IN MORE PRUDISH times, books setting out to titillate often justify themselves with a solemn preface. This was a stock feature of the sub-Olympia Press soft porn titles of the 1960s: “The Jet Age has seen the rise of a new phenomenon, that of ‘the swinger’, and it is one which society must begin to understand.”
James Greenwood’s The Wilds of London was published in 1874. In the preface Greenwood lays out his book’s noble aims:
A nod’s as good as a wink, and with that Greenwood sets out on an entertaining and occasionally prurient odyssey across the seedy sides of London life which his readers will be very interested in, but perhaps too nervous to visit in person. This follows a London literary tradition with its origins in Ned Ward’s The London Spy published at the close of the 17th century.
The first chapter is titled A Visit to ‘Tiger Bay’, and Greenwood wastes no time explaining how dangerous and exotic this part of Wapping is:
Greenwood dutifully searches for tigresses and soon finds himself within a warren of brothels and drinking dens. First stop is the ‘Globe and Pigeons’, where music and dancing are heard:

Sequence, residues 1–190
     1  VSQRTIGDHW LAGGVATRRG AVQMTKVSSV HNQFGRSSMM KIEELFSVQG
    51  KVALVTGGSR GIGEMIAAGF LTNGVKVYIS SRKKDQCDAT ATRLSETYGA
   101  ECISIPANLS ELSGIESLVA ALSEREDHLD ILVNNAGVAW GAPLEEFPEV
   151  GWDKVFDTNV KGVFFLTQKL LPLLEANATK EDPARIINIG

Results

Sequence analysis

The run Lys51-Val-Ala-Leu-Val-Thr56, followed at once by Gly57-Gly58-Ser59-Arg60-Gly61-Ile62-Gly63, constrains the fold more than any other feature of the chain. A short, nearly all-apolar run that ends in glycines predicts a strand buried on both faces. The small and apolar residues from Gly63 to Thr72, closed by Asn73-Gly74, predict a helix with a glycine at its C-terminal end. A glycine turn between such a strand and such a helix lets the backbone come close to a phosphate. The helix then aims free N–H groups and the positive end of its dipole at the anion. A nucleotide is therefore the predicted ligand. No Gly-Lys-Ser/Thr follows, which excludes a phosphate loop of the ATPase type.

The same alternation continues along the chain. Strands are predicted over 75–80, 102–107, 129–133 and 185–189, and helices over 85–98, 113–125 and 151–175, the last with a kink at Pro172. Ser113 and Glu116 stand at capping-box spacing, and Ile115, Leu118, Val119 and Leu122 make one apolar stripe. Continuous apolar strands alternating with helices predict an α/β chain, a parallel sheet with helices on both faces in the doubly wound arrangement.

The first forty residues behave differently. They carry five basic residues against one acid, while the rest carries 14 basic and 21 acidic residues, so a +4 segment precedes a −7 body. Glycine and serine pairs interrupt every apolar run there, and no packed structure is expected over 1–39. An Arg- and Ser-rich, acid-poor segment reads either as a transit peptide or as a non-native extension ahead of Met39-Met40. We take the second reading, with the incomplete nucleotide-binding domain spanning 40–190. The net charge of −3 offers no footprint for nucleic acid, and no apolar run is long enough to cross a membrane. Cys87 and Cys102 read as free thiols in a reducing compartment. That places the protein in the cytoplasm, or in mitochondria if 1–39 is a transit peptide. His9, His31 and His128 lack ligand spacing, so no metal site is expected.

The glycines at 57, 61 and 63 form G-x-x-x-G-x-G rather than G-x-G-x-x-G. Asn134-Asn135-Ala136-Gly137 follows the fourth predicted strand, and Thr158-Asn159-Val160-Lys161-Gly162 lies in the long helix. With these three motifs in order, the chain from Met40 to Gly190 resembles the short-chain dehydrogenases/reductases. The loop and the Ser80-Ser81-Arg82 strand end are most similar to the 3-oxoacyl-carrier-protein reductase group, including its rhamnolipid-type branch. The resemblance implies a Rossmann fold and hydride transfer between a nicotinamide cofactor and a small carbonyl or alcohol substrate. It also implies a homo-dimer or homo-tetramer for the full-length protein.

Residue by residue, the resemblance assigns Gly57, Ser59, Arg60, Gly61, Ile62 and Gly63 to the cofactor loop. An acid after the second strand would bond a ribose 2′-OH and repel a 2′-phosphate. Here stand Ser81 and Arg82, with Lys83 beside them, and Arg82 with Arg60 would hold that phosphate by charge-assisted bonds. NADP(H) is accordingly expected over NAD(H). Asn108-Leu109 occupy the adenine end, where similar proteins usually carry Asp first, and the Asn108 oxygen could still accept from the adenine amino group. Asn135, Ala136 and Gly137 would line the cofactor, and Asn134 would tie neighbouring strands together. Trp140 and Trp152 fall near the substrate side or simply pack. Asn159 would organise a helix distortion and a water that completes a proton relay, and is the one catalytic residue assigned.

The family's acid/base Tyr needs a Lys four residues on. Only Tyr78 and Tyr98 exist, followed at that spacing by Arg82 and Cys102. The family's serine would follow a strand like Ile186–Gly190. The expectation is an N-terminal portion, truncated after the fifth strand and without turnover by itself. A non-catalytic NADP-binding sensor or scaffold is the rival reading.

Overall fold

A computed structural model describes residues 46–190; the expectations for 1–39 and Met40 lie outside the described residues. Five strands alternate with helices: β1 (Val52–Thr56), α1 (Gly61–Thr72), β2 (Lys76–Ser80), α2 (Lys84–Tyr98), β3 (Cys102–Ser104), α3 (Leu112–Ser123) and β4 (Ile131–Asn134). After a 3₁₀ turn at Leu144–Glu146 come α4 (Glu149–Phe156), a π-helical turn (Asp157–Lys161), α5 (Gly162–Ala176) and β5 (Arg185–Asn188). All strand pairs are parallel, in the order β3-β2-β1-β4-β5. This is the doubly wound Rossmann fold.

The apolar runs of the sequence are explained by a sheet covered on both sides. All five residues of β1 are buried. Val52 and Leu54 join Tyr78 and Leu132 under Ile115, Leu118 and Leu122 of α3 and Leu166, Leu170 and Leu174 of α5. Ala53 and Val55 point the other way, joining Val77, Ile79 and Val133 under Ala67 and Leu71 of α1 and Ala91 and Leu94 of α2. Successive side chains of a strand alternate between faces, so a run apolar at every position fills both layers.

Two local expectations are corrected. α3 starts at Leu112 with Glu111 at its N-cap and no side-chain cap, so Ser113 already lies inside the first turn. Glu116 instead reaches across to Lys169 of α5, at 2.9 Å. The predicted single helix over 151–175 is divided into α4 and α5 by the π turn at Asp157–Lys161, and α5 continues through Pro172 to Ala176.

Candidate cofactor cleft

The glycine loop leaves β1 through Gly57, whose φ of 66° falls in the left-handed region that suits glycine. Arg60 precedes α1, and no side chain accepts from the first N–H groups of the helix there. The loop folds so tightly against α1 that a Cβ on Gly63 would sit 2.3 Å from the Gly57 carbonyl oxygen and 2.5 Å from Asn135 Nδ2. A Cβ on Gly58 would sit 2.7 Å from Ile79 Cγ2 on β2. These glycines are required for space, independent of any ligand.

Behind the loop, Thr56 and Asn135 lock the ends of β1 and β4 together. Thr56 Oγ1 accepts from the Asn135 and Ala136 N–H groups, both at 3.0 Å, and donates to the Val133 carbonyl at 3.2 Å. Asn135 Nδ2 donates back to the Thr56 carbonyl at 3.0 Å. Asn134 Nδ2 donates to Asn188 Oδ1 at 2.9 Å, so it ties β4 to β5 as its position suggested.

He buys a half-ounce of tobacco from a ‘tigress’ dressed as a fairy, then makes his excuses and leaves. Greenwood decides to follow a sailor stumbling towards the ‘Gunboat’:
Next is a description of the Gunboat’s comic singer:
Paddy don’t care seems to have been a popular song performed in different places and times throughout the English-speaking world. There’s a brief reference to it as part of a fundraising drive in New Zealand in 1890, and in 1949 the famous ethnomusicologist Alan Lomax recorded Clayton McMichen playing it on the fiddle.
It’d be interesting to know if there was any similarity between Paddy don’t care, with the raucous inter-verse laughter described by Greenwood, and George W. Johnson’s The Laughing Song from the 1890s, which in turn inspired Charles Jolly to write the music-hall song The Laughing Policeman in 1922. The latter is still quite widely known, and it went through some curious developments. In Denmark it became The Laughing Eskimo, and in Britain coin-operated ‘Laughing Policeman’ and ‘Laughing Sailor’ automata were once a familiar sight at seaside resorts.
There are a lot of good auditory descriptions in The Wilds of London, and I’ll be posting some more soon. I’ve been working from an original Chatto and Windus edition, but Lee Jackson’s fantastic The Victorian Dictionary website has it all online here.